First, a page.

England had only played four bowlers in Anderson, Broad, Onions and Swann in the hope they could out-bat their hosts, but their lack of options proved evident as temperatures hit 40C and Smith used the sweep and drive to full effect.
When day four began, Smith sacrificed the chance of a double century to try to accelerate the innings, and in doing so top-edged an Onions bouncer to fine leg.
JP Duminy (36), AB de Villiers (34) and Boucher (15) duly supplied an extra 50 from 58 balls before Smith waved his batsmen in, with England needing to bat out over four sessions to survive.
Strauss and Cook got England off to a good start in their battle, seeing off the first 36 and a half overs, but both fell in the space of three overs after putting on 101 for the first wicket.
Kevin Pietersen, so often the man to get England out of a hole, could only last 22 balls before falling lbw playing across his stumps to Steyn and the tourists were in trouble.
England started that final day with seven wickets intact. Jonathan Trott was at the crease alongside nightwatchman Jimmy Anderson.
Anderson did all, and arguably more, that could be asked of him, battling his way through 11 overs of the fifth and final day before sweeping onto his boot and being caught at backward short-leg. Talk about being unlucky!
That brought Paul Collingwood to the middle. Go back a decade, and England would have been in even more trouble. The Durham man was given out to the first ball but it was overturned on review – the ball had hit hip rather than bat.
It wasn’t long before South Africa took wicket No.5 though, Trott, leaving a slight gap between bat and pad, had his off-stump flattened by Steyn but Collingwood and Bell took England into lunch, and beyond.
They lasted all the way into the final session due in some part to Collingwood’s fortunate survival against Steyn, when one delivery after another swung past his outside edge.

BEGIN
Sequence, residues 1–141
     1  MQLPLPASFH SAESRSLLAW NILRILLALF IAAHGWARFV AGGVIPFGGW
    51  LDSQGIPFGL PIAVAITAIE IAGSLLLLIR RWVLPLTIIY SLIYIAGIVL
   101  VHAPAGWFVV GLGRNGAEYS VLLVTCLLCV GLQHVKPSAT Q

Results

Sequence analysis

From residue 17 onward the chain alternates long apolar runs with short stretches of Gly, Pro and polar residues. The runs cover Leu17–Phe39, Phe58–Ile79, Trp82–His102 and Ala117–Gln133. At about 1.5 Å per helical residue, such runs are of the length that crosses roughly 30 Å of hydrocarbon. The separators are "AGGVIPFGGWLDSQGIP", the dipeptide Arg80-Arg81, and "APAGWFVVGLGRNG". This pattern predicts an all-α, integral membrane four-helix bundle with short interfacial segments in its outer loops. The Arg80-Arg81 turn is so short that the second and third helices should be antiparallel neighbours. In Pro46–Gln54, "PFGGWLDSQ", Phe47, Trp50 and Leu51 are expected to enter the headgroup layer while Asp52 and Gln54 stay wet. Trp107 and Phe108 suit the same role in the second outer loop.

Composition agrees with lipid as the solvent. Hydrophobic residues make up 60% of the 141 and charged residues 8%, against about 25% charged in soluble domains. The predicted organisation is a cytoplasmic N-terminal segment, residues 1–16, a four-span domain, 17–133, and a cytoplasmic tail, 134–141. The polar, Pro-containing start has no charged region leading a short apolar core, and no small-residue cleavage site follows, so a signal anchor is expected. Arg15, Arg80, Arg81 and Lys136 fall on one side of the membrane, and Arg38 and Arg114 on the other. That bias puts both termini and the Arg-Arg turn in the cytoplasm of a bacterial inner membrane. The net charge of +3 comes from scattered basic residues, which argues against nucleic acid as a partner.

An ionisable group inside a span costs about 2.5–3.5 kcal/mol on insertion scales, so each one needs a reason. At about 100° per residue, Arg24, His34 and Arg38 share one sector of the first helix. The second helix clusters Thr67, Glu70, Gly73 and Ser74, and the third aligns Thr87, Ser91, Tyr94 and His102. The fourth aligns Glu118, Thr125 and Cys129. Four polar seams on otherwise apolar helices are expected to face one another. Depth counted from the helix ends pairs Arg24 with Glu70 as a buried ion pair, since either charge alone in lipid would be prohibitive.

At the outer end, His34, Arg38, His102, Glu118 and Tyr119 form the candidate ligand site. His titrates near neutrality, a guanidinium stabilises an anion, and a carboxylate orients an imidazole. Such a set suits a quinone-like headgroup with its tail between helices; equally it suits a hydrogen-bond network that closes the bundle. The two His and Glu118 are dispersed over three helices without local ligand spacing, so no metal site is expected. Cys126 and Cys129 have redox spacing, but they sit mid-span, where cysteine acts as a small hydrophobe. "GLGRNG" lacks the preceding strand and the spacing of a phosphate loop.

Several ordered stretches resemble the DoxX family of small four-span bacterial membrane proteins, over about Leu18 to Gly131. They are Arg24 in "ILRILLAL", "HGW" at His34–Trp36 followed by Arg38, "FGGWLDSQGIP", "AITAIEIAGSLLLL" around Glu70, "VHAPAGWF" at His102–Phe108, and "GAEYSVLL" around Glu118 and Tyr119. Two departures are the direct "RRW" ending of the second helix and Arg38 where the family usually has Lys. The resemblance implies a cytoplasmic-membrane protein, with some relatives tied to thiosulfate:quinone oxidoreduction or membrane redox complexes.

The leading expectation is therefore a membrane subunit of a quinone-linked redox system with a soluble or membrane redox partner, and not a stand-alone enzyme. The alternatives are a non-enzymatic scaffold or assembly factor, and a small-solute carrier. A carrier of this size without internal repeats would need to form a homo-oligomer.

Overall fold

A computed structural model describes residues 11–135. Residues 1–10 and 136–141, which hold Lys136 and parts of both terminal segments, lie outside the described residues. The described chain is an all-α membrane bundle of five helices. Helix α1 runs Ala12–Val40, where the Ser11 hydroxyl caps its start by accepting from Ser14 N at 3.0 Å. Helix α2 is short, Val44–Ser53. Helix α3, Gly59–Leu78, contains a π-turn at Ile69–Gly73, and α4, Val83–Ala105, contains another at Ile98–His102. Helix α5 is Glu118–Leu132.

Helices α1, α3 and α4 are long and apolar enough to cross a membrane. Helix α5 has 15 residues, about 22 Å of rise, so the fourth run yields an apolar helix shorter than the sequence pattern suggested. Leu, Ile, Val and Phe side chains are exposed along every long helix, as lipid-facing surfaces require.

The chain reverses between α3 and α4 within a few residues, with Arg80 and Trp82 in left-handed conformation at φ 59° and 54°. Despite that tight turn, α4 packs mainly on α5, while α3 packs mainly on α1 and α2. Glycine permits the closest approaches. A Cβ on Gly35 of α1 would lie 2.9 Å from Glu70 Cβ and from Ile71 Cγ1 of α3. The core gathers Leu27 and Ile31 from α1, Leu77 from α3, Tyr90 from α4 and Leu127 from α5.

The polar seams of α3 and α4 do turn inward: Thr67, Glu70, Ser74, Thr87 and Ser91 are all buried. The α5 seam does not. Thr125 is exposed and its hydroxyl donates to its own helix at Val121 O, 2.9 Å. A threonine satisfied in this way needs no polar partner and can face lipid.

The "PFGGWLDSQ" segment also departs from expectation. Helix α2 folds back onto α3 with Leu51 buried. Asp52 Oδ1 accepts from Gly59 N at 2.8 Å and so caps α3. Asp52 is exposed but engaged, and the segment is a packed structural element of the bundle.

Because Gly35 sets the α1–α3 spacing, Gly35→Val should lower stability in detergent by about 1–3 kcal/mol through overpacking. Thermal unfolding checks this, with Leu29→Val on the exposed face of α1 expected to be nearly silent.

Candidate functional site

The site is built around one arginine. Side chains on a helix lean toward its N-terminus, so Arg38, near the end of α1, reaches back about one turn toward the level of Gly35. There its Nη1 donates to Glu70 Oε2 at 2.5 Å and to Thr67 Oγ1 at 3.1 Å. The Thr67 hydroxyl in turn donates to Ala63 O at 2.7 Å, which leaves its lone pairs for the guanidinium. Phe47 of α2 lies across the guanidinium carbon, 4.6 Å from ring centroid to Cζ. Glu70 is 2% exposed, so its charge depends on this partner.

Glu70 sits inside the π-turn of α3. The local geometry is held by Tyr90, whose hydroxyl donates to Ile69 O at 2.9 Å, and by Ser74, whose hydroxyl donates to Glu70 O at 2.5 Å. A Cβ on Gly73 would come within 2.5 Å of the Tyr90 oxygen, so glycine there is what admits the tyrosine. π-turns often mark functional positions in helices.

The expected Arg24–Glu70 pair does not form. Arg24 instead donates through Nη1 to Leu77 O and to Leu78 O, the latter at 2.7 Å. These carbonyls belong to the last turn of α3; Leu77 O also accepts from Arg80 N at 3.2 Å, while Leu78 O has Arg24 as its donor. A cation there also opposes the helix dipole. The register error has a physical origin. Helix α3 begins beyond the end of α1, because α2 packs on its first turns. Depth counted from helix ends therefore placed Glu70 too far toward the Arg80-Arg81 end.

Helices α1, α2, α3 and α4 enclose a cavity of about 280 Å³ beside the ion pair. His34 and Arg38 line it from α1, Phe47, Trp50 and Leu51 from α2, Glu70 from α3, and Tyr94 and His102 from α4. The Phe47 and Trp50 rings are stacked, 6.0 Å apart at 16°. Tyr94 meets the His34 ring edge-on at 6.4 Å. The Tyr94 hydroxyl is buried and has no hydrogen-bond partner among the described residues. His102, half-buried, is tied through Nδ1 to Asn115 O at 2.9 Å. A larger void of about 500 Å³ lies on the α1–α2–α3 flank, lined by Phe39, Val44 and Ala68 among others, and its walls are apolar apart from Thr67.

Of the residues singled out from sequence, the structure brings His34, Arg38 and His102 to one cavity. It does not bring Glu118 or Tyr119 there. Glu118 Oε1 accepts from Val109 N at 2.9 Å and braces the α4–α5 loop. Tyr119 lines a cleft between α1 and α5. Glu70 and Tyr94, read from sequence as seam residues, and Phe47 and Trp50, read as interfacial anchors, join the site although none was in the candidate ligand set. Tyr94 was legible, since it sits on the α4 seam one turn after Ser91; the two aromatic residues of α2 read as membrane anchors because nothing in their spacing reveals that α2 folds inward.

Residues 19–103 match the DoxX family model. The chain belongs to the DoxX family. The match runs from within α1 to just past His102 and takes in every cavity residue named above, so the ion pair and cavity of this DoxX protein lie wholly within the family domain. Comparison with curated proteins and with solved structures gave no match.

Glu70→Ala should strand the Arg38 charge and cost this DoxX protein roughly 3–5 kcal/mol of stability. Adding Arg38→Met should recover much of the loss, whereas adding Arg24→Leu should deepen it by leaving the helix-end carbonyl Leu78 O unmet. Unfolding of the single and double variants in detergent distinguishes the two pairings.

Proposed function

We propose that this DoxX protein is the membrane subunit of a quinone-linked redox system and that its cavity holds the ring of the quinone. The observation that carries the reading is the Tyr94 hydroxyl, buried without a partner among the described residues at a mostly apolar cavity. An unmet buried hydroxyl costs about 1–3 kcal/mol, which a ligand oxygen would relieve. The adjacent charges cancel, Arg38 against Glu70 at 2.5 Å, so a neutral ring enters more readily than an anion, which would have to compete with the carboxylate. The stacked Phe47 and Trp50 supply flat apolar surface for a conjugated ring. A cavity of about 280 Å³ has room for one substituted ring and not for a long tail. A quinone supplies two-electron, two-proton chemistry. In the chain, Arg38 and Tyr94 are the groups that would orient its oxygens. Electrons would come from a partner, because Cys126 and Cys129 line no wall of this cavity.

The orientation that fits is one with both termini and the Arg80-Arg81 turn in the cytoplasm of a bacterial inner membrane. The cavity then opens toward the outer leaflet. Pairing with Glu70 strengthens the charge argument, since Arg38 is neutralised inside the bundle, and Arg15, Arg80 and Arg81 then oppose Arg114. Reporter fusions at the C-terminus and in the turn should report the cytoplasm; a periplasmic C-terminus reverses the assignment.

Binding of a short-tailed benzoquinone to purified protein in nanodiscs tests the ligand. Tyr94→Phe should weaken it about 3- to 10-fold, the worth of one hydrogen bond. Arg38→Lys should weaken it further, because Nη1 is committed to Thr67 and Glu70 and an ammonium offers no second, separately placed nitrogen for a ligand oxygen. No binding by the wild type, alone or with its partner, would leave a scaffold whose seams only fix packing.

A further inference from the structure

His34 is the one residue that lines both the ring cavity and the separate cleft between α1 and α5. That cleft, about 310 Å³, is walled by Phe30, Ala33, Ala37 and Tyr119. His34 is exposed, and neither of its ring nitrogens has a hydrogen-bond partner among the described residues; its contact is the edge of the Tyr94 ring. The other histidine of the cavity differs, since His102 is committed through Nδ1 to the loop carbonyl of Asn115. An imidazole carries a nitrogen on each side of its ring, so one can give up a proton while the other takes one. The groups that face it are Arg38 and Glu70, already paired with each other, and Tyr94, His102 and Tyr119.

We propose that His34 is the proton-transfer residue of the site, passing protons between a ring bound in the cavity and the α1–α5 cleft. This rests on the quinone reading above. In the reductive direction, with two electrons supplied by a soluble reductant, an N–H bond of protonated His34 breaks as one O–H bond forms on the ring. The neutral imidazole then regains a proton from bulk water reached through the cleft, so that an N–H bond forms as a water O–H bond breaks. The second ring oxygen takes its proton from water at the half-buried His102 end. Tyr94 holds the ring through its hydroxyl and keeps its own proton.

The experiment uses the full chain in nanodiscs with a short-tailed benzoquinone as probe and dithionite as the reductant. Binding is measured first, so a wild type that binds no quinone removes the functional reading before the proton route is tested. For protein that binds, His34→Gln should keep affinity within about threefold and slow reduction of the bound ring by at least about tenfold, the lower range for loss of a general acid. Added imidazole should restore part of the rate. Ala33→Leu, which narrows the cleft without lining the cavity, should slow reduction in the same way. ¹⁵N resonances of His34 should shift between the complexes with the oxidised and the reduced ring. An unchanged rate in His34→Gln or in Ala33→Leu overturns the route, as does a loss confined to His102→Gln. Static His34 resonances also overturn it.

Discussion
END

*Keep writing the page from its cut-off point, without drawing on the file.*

But using every ounce of his experience, the man who became known as Brigadier Block did just that, blocking defiantly, unconcerned at frequently failing to make contact.
When the four-hour partnership was broken, as Collingwood edged JP Duminy to slip, there were still more than ten overs to go and when Prior was dismissed two overs later, finger nails were being gnawed.
But with Bell there, England were always likely to cling on. Broad made a 22-ball duck, falling with 20 deliveries still to be bowled. The nerves were now even more apparent.
And there were just three more before England were nine down. An inspired bowling change saw Morne Morkel get Bell to play at one he could have left and South Africa were on the brink.
Cometh the hour, cometh the men, though. There were appeals, and even a review off the penultimate ball of the Test but Swann and Onions clung on.
South Africa fought back to hammer England in the final Test, but it’s Cape Town that sticks in the memories. Will this week’s match have the same drama? We can only hope.
This piece originally featured in The Cricket Paper, Friday January 1 2016